For the past decade, Pakistan has been waiting for freedom – the freedom for the people to see records that belong to them.
The worn-out Freedom of Information Ordinance of 2002 still controls access to federal-level government information. This law fails to establish broad access to government records, a detailed procedure for requesting them and an appeals process for decisions that rule against access. The Pakistan Peoples’ Party (PPP) and the Pakistan Muslim League-Nawaz (PML-N) in the historic Charter of democracy, signed between Benazir Bhutto and Nawaz Sharif in London in 2006, agreed to make legislation to update and improve the right to information.
PPP tried to pass the Federal Right to Information Law (RTI) during its regime 2008-2013 but failed. PML-N has also been striving for the Federal RTI since it came into power in 2013 but has yet to succeed. The crowning achievement of the PPP-PML-N through joint efforts was insertion of Article 19-A in the constitution in April 2010 through 18th Amendment that declared right to information as a fundamental constitutional right.
Amongst the four provinces, Khyber Pakhtunkhwa (KP) and Punjab have successfully promulgated comprehensive laws that protect and make easier the right of the public to obtain government records. Just last month Sindh replaced its Freedom of Information Act 2006 with the Sindh Transparency and Right to Information Bill, passed on March 14, 2017. Balochistan has not introduced any RTI law and is using the old Freedom of Information Act 2005 as there is lack of political will for such laws in the province.
PML-N stalwarts repeatedly claimed during last four years that the government will table the right to information proposed law soon. The last statement came from the State’s Minister for Information Mariyum Aurangzeb that Right to Information Act 2016 will be moved in the house in a few days.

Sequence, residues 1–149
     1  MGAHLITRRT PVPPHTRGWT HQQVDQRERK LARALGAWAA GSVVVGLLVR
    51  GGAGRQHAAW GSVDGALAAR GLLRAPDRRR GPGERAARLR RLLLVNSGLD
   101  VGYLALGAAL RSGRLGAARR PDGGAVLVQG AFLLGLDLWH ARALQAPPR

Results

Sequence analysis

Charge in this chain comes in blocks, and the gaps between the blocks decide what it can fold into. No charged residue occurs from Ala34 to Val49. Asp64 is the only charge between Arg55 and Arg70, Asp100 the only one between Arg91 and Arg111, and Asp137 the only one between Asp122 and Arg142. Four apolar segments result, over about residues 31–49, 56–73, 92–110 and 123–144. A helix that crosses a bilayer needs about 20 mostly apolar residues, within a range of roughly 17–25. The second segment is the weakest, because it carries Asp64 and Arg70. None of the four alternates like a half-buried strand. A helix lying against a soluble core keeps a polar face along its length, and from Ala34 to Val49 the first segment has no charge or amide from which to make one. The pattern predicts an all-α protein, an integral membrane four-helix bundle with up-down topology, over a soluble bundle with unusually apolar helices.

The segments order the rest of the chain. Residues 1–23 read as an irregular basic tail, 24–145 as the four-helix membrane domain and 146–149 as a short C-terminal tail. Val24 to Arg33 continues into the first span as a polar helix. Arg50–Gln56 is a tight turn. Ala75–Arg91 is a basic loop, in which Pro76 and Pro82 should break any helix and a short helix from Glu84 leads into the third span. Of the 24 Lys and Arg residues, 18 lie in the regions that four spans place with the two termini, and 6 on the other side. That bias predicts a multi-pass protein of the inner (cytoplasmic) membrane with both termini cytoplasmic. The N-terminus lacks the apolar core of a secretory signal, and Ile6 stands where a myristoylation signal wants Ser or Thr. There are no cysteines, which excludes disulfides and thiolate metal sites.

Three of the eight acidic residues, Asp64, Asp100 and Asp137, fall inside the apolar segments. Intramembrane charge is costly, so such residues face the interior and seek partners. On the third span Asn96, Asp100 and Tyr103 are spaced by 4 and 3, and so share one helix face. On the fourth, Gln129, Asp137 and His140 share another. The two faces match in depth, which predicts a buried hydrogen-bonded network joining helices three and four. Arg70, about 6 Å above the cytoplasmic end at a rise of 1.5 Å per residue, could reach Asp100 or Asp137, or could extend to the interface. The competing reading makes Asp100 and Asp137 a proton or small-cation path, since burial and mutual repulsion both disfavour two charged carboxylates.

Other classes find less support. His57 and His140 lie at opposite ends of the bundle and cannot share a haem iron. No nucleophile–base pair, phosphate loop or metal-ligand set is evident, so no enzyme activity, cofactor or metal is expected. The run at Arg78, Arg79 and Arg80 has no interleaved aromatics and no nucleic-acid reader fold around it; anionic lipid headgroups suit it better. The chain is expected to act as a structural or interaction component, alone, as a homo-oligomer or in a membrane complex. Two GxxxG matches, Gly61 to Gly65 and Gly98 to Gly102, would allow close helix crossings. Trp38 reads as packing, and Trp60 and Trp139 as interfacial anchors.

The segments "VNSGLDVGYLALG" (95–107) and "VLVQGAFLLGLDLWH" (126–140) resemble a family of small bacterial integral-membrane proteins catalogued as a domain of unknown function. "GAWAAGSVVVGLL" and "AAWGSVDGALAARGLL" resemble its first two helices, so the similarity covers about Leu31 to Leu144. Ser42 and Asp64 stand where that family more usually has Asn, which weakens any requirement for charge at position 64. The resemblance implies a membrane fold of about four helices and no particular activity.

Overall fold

We are trying to be positive and hope this time it will happen. But movers and shakers of the bills, in their off-the-record chats with Truth Tracker, are again doubtful. They say that a steering committee of the parliament has approved the bill after which it would be tabled before the federal cabinet in a week or two. Once cabinet approves that the bill, the government would table it as a Government’s Bill in the parliament for final approval.
But they expect some resistance again. The bill is always blocked by military and judicial establishment of Pakistan.
PPP veteran leader Senator Fahatullah Babar showed exemplary courage during a debate in the Senate in 2015. He said the slogan of accountability will sound meaningless without across-the-board accountability, rejecting ‘sacred cows’ whether in the security establishment or in the judiciary.
He said that as long as the ‘sacred cows syndrome’ exists, accountability will remain a dream. Several parliamentarians commented off the record that these sacred cows are the major obstacle in the way of Federal RTI law.
RTI laws and requests for information often involve information about corruption of individuals. No one is above the law, even if they are prime ministers, ministers, generals, judges or journalists.
We can only wonder what secret grazing ground these sacred cows are trying to keep for themselves. Meanwhile, it’s time for the ranchers of democracy – our elected members of parliament – to show unity for the achievement.